Queen Victoria gave royal assent to the British North America Act on this date in 1867, to take effect on July 1st.
Frye in “Criticism and Environment”:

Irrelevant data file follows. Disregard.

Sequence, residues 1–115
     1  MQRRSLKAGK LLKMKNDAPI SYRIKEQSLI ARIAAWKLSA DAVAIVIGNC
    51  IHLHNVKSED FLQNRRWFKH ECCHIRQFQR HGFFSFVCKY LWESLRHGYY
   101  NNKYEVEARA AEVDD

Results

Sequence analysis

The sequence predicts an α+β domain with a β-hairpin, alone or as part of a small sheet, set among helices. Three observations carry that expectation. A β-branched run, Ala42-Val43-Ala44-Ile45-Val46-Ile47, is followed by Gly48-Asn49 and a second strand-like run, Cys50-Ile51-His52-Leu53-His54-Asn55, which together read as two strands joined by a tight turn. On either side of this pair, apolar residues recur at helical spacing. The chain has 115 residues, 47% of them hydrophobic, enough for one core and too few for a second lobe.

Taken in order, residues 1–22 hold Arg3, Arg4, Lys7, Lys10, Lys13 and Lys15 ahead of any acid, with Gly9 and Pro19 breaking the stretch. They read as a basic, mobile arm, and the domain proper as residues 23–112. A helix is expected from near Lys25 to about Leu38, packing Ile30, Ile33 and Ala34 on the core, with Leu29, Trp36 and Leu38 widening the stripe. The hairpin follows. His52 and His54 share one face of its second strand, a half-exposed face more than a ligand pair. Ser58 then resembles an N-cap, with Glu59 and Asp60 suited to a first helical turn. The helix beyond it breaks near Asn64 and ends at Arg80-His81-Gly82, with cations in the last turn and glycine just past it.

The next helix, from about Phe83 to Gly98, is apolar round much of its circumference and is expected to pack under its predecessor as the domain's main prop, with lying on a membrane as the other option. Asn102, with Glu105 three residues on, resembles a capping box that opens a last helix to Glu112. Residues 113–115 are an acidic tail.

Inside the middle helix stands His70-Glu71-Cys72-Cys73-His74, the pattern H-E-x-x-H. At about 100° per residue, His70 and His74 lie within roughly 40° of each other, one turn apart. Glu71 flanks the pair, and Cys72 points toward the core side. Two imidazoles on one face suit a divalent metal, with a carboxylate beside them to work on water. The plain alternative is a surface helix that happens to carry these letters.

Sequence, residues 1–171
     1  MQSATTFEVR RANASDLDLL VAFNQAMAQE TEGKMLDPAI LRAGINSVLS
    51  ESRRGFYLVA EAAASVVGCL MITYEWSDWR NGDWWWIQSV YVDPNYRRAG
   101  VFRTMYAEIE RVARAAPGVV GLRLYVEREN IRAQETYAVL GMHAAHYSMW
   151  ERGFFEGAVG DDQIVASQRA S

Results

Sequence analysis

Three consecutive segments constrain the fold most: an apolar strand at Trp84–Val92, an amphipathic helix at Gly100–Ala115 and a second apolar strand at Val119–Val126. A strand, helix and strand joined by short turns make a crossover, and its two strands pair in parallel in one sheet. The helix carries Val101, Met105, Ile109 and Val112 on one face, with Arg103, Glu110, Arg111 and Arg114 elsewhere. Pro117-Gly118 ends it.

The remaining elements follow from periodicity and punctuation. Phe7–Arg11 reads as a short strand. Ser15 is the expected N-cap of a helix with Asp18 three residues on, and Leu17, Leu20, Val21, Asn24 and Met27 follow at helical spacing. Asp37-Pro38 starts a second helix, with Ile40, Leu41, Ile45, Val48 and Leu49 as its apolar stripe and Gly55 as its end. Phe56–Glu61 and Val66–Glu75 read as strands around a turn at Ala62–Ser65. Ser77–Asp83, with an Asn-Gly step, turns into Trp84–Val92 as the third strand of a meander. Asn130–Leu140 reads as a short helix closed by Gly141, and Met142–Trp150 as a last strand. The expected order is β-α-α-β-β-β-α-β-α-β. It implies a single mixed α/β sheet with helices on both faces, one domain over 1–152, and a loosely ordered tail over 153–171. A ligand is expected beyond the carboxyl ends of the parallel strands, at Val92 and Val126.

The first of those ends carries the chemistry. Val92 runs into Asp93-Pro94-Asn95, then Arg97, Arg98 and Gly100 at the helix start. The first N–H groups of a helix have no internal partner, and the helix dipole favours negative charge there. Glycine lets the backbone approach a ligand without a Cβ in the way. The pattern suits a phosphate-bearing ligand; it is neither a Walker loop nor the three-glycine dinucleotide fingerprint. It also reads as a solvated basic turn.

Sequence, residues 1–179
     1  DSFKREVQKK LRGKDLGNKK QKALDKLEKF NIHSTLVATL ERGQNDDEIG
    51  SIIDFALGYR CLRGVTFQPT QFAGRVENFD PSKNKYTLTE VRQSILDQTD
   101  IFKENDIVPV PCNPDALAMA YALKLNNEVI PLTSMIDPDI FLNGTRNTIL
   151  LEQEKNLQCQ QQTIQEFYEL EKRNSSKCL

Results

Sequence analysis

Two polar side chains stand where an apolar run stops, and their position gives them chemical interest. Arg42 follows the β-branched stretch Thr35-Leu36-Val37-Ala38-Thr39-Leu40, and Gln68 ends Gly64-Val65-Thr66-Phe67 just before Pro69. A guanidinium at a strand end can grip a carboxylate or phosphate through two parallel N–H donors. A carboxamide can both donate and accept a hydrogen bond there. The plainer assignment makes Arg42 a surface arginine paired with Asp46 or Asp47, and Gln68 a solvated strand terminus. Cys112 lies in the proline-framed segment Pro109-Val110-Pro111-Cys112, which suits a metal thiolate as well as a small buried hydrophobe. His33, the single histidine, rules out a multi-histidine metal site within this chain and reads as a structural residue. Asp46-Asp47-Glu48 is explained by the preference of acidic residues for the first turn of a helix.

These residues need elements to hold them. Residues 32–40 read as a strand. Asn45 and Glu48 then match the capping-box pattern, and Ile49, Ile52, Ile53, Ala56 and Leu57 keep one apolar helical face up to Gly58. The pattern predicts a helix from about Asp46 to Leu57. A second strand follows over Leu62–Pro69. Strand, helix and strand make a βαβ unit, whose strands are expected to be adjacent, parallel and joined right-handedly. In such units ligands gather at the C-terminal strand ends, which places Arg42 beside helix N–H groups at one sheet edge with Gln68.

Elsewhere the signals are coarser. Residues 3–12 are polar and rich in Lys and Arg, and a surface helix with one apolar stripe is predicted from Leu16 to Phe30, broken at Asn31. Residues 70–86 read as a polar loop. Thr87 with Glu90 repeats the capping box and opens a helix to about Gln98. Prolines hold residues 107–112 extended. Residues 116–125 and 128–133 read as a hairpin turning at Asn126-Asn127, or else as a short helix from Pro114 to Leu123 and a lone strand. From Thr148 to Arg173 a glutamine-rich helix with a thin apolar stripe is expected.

The second stage of cultural development in Canada revolves around the Confederation of 1867, the union of the two Canadas, now Ontario and Quebec, with two Maritime Provinces, and eventually British Columbia. This stage is characterized by a search for a distinctively “Canadian identity,” more particularly in English Canada, and attached to this search are a number of critical fallacies that are important to diagnose. The first and most elementary of these is the fallacy of the exclusive characteristic, or nonexistent essence, the attempt to distinguish something that is, in this case, “truly Canadian,” and is not to be found in other literatures. There are no exclusive or even defining characteristics anywhere in literature: there are only degrees of emphasis, and anyone looking for such characteristics soon gets as confused as a racist looking for pure Aryans. (CW 12, 573-4)